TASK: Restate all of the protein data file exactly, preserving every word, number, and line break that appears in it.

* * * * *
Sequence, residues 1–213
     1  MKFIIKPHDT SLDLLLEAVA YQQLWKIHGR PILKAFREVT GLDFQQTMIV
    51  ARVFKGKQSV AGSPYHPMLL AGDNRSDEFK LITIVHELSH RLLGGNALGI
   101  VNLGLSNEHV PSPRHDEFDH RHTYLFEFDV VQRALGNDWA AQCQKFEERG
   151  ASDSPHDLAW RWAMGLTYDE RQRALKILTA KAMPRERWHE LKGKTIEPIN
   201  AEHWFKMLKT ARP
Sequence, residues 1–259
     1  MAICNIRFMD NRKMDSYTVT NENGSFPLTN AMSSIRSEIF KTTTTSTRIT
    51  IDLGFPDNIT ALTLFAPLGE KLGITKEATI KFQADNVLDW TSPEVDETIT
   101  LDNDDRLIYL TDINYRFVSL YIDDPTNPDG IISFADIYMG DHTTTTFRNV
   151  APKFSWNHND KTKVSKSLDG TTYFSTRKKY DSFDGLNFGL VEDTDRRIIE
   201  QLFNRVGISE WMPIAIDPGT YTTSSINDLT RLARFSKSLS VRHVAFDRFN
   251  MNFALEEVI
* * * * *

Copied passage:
Sequence, residues 1–213
     1  MKFIIKPHDT SLDLLLEAVA YQQLWKIHGR PILKAFREVT GLDFQQTMIV
    51  ARVFKGKQSV AGSPYHPMLL AGDNRSDEFK LITIVHELSH RLLGGNALGI
   101  VNLGLSNEHV PSPRHDEFDH RHTYLFEFDV VQRALGNDWA AQCQKFEERG
   151  ASDSPHDLAW RWAMGLTYDE RQRALKILTA KAMPRERWHE LKGKTIEPIN
   201  AEHWFKMLKT ARP
Sequence, residues 1–259
     1  MAICNIRFMD NRKMDSYTVT NENGSFPLTN AMSSIRSEIF KTTTTSTRIT
    51  IDLGFPDNIT ALTLFAPLGE KLGITKEATI KFQADNVLDW TSPEVDETIT
   101  LDNDDRLIYL TDINYRFVSL YIDDPTNPDG IISFADIYMG DHTTTTFRNV
   151  APKFSWNHND KTKVSKSLDG TTYFSTRKKY DSFDGLNFGL VEDTDRRIIE
   201  QLFNRVGISE WMPIAIDPGT YTTSSINDLT RLARFSKSLS VRHVAFDRFN
   251  MNFALEEVI